ATLANTIC CITY — Khurran Baig, manager of Garden State Fuel on the Black Horse Pike, sighed as he thought about his business and the coming reality of another tax hike on gasoline next month in New Jersey.
“It really hurt us when they raised the gas tax the last time,” Baig said. “We used to be really busy because people leaving town would make sure to fill up before they got home to Maryland, Virginia, Pennsylvania and Delaware. Now it doesn’t matter, because we are as expensive or more expensive as those states.”
In 2016, the New Jersey Legislature passed a bill that raised the tax on gas by 23 cents per gallon to replenish the state’s Transportation Trust Fund, a $2 billion-a-year fund for road, bridge and other transportation work.
On Friday, Gov. Phil Murphy announced the gas tax would be raised again, this time by 4.3 cents per gallon, because of a provision in the 2016 law that allows the rate to adjust without legislative approval if the revenue from gas does not meet the target to replenish the Transportation Trust Fund.
The 4-cent increase will bring the total tax to 41.4 cents per gallon when the increase goes into effect Oct. 1, making it the fifth-highest gas tax in the country.
Nearly all of the legislators representing Atlantic, Cape May, Cumberland and southern Ocean counties voted against the law in 2016, arguing in part the tax would be much more burdensome — with less return — for people living in South Jersey, who are less wealthy than people in North or Central New Jersey, according to state statistics.
Many of those legislators said Monday the extra increase is part of what they feared when the law was passed two years ago.
TRENTON — New Jersey’s gas tax will climb by 4.3 cents a gallon, or more than 10 percent, un…
“You have to remember that we have farmers and people in the fishing industry down here who have machines that use a ton of gasoline,” said state Sen. Jeff Van Drew, D-Cape May, Cumberland, Atlantic. “We also drive much longer distances on average to go to work than people in (Central and North Jersey), so it really has a negative effect on us here.”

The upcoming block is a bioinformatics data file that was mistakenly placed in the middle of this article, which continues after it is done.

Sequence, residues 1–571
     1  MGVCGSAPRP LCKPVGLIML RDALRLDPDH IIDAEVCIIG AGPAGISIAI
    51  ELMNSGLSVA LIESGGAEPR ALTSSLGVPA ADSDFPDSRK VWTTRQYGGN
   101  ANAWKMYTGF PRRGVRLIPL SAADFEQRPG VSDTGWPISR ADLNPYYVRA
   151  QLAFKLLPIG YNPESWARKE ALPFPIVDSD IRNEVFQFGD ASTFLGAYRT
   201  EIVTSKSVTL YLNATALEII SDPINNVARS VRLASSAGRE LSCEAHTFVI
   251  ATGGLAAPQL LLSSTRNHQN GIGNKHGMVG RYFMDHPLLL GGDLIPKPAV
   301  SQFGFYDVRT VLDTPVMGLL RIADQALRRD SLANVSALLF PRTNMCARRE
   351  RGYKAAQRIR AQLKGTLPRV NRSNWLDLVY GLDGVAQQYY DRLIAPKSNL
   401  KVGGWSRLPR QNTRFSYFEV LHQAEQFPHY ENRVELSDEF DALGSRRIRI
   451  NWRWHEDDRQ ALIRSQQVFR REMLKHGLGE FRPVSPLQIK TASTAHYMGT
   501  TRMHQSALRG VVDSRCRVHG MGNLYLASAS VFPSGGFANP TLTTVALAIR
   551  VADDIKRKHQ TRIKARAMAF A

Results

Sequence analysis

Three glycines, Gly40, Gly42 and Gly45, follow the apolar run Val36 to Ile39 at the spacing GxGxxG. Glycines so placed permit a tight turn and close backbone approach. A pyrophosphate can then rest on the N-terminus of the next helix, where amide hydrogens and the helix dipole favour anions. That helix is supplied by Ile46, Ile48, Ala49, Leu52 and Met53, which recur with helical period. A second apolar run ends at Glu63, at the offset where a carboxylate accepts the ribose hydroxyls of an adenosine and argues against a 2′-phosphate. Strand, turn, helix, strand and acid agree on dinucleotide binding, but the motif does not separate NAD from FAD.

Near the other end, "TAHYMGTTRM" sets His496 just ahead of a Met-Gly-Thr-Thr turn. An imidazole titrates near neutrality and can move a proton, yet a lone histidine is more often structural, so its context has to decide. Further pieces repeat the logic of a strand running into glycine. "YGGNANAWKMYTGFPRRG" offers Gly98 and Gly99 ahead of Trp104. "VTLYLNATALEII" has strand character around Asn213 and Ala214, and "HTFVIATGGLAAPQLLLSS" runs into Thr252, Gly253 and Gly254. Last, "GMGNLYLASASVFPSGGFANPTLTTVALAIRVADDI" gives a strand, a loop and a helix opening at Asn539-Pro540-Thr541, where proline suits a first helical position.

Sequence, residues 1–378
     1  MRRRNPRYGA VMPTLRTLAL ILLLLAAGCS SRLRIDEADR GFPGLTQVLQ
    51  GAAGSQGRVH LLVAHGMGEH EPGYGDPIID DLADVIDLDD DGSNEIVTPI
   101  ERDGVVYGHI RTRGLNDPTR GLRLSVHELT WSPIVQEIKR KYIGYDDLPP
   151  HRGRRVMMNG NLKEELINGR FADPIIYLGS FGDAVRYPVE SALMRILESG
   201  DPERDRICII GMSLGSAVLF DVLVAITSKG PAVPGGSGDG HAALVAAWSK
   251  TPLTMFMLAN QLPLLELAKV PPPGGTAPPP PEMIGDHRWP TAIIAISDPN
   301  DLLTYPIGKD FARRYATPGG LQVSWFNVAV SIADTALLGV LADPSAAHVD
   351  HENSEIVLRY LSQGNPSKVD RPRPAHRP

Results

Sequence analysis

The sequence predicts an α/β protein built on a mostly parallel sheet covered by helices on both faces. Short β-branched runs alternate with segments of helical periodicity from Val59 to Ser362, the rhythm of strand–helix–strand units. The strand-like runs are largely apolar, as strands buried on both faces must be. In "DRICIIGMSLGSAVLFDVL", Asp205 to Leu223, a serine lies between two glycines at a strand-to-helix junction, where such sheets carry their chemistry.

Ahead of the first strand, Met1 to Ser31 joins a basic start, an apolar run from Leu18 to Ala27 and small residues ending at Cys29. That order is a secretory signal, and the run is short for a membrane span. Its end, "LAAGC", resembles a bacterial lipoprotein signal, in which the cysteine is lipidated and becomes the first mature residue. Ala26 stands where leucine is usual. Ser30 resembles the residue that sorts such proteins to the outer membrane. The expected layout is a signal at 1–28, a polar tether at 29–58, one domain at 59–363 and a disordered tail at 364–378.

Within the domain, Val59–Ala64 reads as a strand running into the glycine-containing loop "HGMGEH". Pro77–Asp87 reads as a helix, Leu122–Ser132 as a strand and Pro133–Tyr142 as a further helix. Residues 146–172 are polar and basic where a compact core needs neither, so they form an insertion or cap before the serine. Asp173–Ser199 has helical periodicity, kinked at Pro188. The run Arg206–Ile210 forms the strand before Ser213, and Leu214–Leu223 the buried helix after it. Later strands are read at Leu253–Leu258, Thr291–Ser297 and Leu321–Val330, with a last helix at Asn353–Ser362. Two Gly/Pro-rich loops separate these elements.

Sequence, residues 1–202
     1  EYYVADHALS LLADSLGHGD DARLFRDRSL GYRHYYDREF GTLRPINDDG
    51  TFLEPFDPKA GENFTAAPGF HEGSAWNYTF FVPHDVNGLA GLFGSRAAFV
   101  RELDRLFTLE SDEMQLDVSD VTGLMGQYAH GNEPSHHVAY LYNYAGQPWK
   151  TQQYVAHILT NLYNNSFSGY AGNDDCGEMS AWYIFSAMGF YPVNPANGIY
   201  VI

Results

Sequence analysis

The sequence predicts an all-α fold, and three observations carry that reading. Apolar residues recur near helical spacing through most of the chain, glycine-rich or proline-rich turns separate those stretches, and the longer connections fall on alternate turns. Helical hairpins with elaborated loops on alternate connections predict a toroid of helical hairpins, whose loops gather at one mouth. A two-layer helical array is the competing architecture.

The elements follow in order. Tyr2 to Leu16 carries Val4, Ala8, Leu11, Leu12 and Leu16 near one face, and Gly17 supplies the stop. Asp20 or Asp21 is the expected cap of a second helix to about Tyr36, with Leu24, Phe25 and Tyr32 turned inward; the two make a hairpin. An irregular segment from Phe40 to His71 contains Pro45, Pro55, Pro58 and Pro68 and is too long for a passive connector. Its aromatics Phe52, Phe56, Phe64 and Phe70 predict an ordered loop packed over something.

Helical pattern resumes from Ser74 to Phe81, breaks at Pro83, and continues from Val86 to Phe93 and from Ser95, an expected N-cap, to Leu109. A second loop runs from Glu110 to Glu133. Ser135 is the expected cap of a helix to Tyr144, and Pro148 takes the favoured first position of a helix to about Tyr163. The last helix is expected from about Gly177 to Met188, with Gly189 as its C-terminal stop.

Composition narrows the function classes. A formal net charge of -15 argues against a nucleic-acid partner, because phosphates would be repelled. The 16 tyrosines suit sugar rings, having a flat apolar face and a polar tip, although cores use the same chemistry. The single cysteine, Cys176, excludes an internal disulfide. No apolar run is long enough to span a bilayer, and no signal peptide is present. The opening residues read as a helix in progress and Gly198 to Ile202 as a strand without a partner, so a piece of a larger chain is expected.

Van Drew added that while money in the Transportation Trust Fund has been used for projects in South Jersey, the majority is spent in Central and North Jersey.
State Sen. Chris Brown, R-Atlantic, echoed the sentiment that the money from South Jersey normally ends up being spent in other parts of the state.
“I voted against the gas tax because continually raising the price of gas for mostly North Jersey road projects only makes it harder on our local working families to make ends meet,” Brown said. “It proves once again the difference for Atlantic County between death and the gas tax is at least you only die once.”
In fiscal 2018, just over a dozen projects were earmarked for funding as part of the state’s Transportation Capital Program in Atlantic, Cape May, Cumberland and southern Ocean counties, state data show.
By contrast, Somerset County had 10 projects and Union County had seven projects earmarked.
Van Drew and Assemblyman Vince Mazzeo, D-Atlantic, who both voted against the 2016 law, said the Legislature should vote on any further increases to the gas tax.
“If we want to increase the cost of gas, the Legislature should have the courage to do that by voting,” Van Drew said. “The fact is that the trust wasn’t properly funded, which led to the major tax increase in 2016 … but raising it again without another vote is wrong.”
Mazzeo added a new vote would keep checks and balances in line.
“Believe me, I know from being a mayor that the Transportation Trust Fund money can be very helpful for funding certain projects,” he said. “This should have been raised by 1 or 2 cents at a time instead of the big increase last time and the automatic one this time.”
Murphy, for his part, said he doesn’t like raising any tax. But this was something they didn’t have control over.
“I’m frustrated by a lot of things we’ve inherited, in this case projections on fuel consumption, that were not realistic,” Murphy said. “You never like raising any tax, but this is the formula, and if we’re going to keep the funding at the level that we need to keep it at to fund the projects in the Transportation Trust Fund, then we have no choice.”
The Associated Press contributed to this report.